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DevOps / Operations / Tech Culture

Can Enterprise DevOps Ever Measure Up?

It's been 15 years since DevOps came on the scene. But for more traditional enterprises, why does their DevOps transformation seem never-ending?
Feb 6th, 2024 6:11am by
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We are more than 15 years into this thing called DevOps. Yet a lot of organizations seem stuck mid-transformation, with perhaps more friction than ever.

Part of the problem is that engineering is a science, so you can’t improve what you can’t measure. And measuring any kind of “transformation” is hard. It’s even more difficult since, despite its name, DevOps has focused much more on optimizing operations rather than the developer experience.

It’s not so simple to measure developer productivity. And, despite news outlets’ love of writing about DORA metrics, the SPACE framework and last year’s DevEx metrics, only a handful of companies seem to be actually using something similar — Microsoft and Google — the origins of most of this research — and then other big names like Netflix, Spotify, LinkedIn, Atlassian and GitHub.

Those at more traditional enterprises — that suddenly find themselves tech companies too — are left with a sense that they haven’t spotted the light at the end of the lengthy DevOps tunnel.

Of course, it’s not unusual for Big Tech to be the early adopters in the Hype Cycle, but DORA metrics turned 10 this year — no matter how interesting us pundits find them, it doesn’t seem like they are being widely adopted.

What is holding back these legacy organizations from becoming DevOps elite organizations? We speak with Christina Forney, Uplevel’s vice president of product, to learn just what’s holding them back.

Trapped in the Triangle of Pain

For the past 10 years, Forney has ebbed back and forth between product and engineering, always working on productivity tools for developers. The last five years were spent working closing with enterprise customers, where she witnessed this investment but little return on DevOps.

Most organizations, she said, are trapped in a “triangle of pain.” This is Uplevel’s name for the measurement of three key people health components:

  • People health — Are we working sustainably?
  • Commitments — Are we planning effectively and meeting our commitments?
  • Delivery — Are we efficiently delivering quality solutions?

“It’s really easy to do one or two of these three things. It’s very hard to do all three,” Forney said, “because you can meet your commitments with quality, but you’re going to burn out your team. Or your team’s really happy you’re meeting your commitments, but it’s taking a really, really long time, so quality is suffering.”

It’s fairly simple to balance two, but a stool needs three legs to stand.

Engineering leader painA triangle with three elements continuously flowing into and thus affecting each other: Commitments - Are we planning effectively and meeting our commitments? People health - Are we working sustainably? Delivery - Are we efficiently delivery quality solutions?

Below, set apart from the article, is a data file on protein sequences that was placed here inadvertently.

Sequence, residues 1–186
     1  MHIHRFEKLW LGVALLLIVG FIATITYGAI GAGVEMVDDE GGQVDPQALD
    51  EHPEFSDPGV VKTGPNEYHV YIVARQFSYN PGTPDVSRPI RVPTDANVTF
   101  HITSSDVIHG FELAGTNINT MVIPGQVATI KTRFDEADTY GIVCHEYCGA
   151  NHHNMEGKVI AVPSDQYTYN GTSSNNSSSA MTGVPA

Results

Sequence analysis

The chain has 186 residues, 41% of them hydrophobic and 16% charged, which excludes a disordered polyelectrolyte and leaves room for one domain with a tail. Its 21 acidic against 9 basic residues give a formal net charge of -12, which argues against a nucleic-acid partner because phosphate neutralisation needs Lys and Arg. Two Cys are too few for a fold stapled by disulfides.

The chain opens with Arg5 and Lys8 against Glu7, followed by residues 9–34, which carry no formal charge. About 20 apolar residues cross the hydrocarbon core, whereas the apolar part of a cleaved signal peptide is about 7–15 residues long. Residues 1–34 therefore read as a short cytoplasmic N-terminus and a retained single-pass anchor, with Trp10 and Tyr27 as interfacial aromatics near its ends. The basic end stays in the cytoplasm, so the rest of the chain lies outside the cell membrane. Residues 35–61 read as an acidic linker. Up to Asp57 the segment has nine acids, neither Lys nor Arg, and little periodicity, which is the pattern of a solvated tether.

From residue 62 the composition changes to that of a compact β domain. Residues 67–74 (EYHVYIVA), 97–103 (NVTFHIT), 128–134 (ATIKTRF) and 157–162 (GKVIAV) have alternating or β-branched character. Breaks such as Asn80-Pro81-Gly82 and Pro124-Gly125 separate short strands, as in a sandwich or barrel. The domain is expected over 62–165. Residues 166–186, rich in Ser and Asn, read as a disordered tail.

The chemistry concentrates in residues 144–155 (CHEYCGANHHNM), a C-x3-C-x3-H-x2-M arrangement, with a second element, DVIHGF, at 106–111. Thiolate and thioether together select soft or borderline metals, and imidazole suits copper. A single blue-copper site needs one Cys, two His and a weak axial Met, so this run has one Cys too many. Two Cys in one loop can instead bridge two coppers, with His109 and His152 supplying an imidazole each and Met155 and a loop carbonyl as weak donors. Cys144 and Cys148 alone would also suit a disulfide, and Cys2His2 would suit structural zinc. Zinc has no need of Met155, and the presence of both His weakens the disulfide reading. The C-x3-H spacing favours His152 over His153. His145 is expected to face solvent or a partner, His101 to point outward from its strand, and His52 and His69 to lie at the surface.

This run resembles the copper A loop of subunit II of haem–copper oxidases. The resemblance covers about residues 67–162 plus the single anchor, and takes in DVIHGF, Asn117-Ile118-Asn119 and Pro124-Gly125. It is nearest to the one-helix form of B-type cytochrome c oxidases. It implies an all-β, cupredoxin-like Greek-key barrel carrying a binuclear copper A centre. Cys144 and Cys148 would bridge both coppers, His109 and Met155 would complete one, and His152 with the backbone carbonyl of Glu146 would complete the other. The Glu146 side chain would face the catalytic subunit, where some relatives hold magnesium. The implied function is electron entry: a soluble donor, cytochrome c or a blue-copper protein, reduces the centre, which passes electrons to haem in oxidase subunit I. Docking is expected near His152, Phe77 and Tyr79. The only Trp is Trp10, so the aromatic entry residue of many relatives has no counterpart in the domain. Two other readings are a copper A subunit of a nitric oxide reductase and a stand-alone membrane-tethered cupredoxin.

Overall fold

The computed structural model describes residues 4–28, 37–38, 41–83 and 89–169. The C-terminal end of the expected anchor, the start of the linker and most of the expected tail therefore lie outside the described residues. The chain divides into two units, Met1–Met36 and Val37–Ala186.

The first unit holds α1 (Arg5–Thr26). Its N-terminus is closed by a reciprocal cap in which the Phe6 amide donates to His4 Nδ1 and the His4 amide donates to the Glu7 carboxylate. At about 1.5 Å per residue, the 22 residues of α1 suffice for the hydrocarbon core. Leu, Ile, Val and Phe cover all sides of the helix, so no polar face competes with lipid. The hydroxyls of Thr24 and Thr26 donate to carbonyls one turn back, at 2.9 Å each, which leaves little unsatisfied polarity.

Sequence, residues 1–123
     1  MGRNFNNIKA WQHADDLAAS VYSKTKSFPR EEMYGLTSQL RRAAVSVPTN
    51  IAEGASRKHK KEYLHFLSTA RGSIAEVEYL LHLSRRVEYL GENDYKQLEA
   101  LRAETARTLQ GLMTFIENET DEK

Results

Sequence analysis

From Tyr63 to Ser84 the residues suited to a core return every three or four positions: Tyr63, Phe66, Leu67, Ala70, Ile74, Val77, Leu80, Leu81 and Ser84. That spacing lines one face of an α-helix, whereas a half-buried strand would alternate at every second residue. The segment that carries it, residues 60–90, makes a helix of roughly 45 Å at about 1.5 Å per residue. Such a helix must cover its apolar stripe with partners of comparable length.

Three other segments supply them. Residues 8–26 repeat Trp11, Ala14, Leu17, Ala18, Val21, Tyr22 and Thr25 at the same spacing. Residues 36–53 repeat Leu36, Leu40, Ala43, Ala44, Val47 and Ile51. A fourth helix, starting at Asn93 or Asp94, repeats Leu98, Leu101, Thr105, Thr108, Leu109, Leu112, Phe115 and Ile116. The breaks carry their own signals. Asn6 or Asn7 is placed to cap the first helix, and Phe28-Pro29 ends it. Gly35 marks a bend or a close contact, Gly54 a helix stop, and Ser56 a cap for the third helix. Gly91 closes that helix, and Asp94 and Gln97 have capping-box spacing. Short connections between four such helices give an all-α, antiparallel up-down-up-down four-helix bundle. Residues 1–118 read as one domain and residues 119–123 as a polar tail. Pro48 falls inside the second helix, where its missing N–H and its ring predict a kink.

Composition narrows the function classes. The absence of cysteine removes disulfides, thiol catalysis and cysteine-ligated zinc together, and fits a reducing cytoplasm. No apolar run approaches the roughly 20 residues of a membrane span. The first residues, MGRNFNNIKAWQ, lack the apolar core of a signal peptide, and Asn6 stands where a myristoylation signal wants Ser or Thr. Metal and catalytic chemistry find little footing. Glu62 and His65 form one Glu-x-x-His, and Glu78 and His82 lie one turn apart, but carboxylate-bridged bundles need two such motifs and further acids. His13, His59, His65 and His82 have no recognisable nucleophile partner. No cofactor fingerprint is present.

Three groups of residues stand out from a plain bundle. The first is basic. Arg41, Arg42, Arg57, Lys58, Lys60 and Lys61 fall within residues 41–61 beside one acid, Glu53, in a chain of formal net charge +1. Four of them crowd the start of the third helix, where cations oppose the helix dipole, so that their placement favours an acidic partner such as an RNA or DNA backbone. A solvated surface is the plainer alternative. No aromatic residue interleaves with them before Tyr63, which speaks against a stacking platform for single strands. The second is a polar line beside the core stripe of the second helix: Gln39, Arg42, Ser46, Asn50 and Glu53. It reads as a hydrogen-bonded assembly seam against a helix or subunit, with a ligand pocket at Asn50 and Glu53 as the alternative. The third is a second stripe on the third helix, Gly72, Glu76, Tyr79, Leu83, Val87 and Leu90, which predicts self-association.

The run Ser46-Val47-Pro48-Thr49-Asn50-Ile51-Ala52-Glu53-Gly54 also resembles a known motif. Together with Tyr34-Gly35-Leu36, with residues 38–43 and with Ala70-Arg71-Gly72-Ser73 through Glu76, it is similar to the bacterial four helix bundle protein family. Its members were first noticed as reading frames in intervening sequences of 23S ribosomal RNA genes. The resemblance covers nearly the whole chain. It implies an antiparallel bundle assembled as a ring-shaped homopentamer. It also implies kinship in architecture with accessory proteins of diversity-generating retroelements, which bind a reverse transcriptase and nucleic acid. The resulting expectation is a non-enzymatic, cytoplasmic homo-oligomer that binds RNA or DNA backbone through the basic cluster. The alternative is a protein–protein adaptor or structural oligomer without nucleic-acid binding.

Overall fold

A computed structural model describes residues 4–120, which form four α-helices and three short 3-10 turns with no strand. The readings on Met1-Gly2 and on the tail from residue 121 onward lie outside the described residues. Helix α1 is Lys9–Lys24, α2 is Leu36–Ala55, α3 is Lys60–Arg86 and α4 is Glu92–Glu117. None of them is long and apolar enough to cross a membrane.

The Triangle of Pain, courtesy of Uplevel.

It’s important to note that it’s not a lack of understanding DevOps objectives that’s holding back enterprises. After all, there’s a multimillion-dollar consultancy industry making sure it’s explained. As Forney put it:

“We know we need to ship faster. We know we need to hear customer feedback. We know we want to deliver business value. We know we’re supposed to be doing customer research. We know that we should be releasing more frequently and getting feedback and having shorter cycles, lowering the complexity of our pull requests, getting into flow. But we also should be eating salads every day. Not everyone likes to eat salads every day. Just because you know something to be true doesn’t mean that is how we actually behave.”

It’s just that DevOps is no magic cure in the face of complexity within the context of these legacy organizations.

The Endless Frustration of Enterprise DevOps

About 15 years ago, someone decided to call it a DevOps transformation, evoking images of Sabrina the teenage witch spinning to change her clothes — implying it’ll be fast, easy and painless. Yet, despite thousands of DevOps consultants and coaches hired and millions spent, most traditional enterprises are no closer to feeling “transformed.” What they really feel is just a lot of frustration of trying to shove a round peg into their very square holes.

“I’m seeing a growing divide between the tech-forward companies and the companies that are going through this transformation,” Forney said. Pointing to tech giants Meta, Alphabet, Amazon and Google, she continued that “you have these tech-forward companies that are kind of leading the charge and are what the best practice measures are built upon.”